Heat

The kinetic theory of matter explains the manner in which molecules and atoms, particularly in gaseous form, behave. The kinetic theory of matter has a composition of a huge number of particles that are in constant motion. The theory explains how the flow or transfer of heat happens. It also explains the relationship between temperature, pressure and the volume property of gases. The study of heat relates to the kinetic theory of matter because both the kinetic theory of matter and the transfer of heat happen in motion. The transfer of heat is associated with the motion of molecules or atoms. In a similar way, the kinetic theory of matter states that all matter engage vigorous action. Heat is the transfer of thermal energy from one object that has a high temperature to another one that has a low temperature. The kinetic theory of matter explains the heat transfer through conduction also known as heat flow.

Temperature refers to the measure of the average thermal or kinetic energy of the atoms inside a substance or object.  Temperature does not depend on the amount or number of particles that are in a substance or object because temperature is an average measurement or value. For instance, the measure of temperature in water that is boiling in a cup is the same with the measure of the temperature water boiling in a large pot.  The measure does not depend on the fact that the pot could have millions of water molecules as compared to the molecules present in the cup. Usually, temperature is measured through the use of thermometers that can be calibrated and customized into various scales. Temperature is caused by the movement of particles. Temperature increases as the motion of particles increases through translational motion or internal energy caused by molecular vibration of electron energy level (Butz, 2002).

Heat and temperature are interrelated but are not the same. Temperature is understood as a property of a system that determines the probability of heat to be transferred from one object or substance to another one. The production of heat is understood as the production of energy. When heat is introduced on an object or a substance, the object or substance can get a rise in temperature. The increase in kinetic energy caused by heat is registered through the rise in temperature, which changes proportionately to the change in heat. Therefore, temperature and heat are related in the sense that temperature is a number that is directly proportional to kinetic energy produced by heat. Therefore, temperature and heat are different in the sense that temperature is denoted by the amount of energy produced by heat (Bouquard, 2004).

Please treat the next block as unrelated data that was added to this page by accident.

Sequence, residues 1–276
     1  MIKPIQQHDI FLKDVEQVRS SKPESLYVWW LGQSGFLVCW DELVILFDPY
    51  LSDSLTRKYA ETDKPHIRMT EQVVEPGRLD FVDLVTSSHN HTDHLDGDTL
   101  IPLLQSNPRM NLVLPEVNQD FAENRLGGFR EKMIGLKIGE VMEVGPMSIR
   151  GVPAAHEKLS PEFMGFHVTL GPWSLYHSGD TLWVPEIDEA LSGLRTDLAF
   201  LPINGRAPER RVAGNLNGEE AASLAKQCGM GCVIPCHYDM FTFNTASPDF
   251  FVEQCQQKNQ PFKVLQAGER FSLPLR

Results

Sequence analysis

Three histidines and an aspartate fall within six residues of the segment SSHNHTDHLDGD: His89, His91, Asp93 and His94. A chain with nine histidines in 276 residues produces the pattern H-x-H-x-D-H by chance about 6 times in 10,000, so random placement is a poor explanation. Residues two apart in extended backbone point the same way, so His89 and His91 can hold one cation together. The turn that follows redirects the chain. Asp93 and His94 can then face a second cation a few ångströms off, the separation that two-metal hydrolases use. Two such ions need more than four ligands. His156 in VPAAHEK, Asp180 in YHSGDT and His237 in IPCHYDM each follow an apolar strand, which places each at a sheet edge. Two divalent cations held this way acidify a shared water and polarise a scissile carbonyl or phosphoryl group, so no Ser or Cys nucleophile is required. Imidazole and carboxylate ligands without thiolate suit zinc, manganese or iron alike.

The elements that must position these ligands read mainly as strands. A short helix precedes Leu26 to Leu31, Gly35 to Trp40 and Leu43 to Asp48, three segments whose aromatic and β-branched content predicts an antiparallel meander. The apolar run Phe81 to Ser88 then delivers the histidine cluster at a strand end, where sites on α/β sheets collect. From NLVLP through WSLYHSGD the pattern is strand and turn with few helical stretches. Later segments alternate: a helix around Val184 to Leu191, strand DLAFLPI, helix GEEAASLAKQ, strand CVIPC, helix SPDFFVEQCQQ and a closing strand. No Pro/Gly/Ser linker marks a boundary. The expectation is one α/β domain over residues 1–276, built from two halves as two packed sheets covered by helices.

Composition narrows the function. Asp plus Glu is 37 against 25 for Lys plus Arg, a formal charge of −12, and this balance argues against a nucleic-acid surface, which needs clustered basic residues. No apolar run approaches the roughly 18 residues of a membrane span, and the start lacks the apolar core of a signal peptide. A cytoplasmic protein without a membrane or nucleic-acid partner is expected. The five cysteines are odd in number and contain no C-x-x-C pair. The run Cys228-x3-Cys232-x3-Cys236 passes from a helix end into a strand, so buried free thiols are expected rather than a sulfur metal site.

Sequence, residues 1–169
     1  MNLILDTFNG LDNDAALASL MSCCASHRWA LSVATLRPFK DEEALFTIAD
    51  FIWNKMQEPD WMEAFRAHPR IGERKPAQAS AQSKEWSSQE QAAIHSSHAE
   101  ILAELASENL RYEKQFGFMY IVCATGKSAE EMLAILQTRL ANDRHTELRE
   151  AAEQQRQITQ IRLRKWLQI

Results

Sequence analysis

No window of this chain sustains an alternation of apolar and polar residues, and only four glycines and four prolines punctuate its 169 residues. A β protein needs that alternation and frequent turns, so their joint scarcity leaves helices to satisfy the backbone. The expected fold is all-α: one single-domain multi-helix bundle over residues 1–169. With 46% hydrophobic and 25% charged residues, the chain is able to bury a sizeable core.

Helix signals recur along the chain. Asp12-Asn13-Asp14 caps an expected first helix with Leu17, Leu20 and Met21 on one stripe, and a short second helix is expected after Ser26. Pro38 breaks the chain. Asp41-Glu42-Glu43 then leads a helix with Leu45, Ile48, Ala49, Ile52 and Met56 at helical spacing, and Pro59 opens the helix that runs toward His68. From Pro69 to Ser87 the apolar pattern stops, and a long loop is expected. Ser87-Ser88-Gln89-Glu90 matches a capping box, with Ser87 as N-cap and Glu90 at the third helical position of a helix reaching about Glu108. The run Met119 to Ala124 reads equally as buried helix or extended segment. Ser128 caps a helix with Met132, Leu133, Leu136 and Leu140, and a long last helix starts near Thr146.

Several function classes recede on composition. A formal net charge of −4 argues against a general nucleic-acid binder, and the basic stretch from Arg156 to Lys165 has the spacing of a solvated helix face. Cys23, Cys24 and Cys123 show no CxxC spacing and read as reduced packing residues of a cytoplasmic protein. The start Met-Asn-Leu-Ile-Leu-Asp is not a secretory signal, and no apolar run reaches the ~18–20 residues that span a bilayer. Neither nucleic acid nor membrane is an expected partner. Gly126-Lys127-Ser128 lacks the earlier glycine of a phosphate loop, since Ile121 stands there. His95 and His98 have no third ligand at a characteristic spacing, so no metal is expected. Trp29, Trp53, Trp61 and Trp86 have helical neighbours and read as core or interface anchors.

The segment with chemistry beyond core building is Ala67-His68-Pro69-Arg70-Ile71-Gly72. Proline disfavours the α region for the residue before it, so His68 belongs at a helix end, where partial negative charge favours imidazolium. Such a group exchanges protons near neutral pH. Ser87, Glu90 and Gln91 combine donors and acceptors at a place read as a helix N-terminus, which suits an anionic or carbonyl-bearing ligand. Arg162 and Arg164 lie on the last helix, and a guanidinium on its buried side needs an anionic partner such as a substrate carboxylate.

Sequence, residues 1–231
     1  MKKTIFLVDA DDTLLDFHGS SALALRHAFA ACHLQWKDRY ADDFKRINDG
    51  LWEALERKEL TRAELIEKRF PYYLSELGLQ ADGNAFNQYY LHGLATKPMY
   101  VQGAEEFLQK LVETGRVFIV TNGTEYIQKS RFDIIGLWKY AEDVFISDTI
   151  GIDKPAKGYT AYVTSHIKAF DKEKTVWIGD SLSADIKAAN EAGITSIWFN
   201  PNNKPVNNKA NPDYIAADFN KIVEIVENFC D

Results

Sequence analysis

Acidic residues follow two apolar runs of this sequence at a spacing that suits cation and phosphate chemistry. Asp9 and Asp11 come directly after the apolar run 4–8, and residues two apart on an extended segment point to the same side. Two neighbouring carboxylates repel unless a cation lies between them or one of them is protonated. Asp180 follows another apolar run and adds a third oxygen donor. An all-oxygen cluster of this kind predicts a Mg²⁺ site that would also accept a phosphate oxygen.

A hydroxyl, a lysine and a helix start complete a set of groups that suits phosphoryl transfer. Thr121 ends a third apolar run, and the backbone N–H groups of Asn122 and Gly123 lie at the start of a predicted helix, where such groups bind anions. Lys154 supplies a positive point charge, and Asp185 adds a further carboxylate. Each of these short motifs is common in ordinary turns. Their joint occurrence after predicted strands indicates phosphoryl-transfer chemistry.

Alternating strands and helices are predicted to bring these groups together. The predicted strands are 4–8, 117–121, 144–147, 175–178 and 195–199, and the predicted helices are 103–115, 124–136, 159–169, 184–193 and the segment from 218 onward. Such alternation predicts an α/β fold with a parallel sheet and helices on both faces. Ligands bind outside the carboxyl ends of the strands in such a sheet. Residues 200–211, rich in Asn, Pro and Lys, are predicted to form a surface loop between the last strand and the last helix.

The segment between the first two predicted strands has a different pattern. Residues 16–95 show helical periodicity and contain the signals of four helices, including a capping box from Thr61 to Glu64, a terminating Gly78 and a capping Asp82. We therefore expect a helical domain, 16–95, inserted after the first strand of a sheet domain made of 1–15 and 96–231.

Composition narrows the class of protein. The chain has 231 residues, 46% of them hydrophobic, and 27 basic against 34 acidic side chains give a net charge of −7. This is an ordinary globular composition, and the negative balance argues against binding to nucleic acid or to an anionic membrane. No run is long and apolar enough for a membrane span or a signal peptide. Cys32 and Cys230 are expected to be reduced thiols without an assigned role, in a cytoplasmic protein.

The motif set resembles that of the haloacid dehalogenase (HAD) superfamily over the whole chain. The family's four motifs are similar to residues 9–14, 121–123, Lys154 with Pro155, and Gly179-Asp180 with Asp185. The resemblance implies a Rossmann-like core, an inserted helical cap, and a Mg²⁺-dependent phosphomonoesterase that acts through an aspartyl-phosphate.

As defined earlier, heat is a form of energy that is transferred from one object that has high temperature to the other that has low temperature. There are various properties of a substance that determine the capacity of heat. Heat capacity is a property of a particular substance that differs from substances to substance. It is the amount of heat energy that is necessary to hoist the temperature of a substance. The mass, volume and pressure in a substance determine its heat capacity. The heat capacity of an object or substance is directly comparative to the quantity of substance that is present in the object.  The amount of substance in the object is measured in terms of volume, pressure or mass. Other properties that affect the specific heat capacity of a substance include the hydrogen bonds available, per mole of molecules and atoms, impurities and degrees of freedom in the substance. The property of substance that the specific heat capacity describes is the heat that the substance takes, to increase the temperature.  The degrees of freedom are also important because different types of freedoms allow the particles in the substance to store thermal energy. When there is a larger amount of freedom degrees towards the particles of an object it increased the heat capacity of an object (Bouquard, 2004).

There are several sources that produce heat. Ambient air is a widely available source of heat especially for heat pumps, commercial and residential buildings. Exhaust air is also important in the production of heat for heat pumps.  The sun is also another source of heat. It is a natural source of heat that does not deplete. The heat produced by the sun is important for many things that include all living things. The heat provided by sun, also known as solar energy is important for electricity purposes.  The earth, itself, is also a resource of heat because it produces heat known as geothermal energy. This heat can be found in hot water and rocks that are located in shallow grounds. Ground water, also available in temperatures that stabilize at 4 to 10 degrees Celsius, can be used to tap the heat source through open or closed systems.  Burning fuels can also generate heat. Examples of these fuels include kerosene, coal, charcoal, oil, wood and gasoline (Bulian & Graystone, 2009).

Heat can also be generated from a wide variety of other sources that include friction, nuclear reactions, electricity, waste heat recovery and waste water. There are so many sources from which heat can be generated from. As such, heat is very important in maintaining the lives of living things directly or indirectly. As discussed above, heat has very many dimensions and relationships with other aspects that include temperature. Therefore, it is essential to understand heat and its dimensions because of the importance it has on life sustenance.

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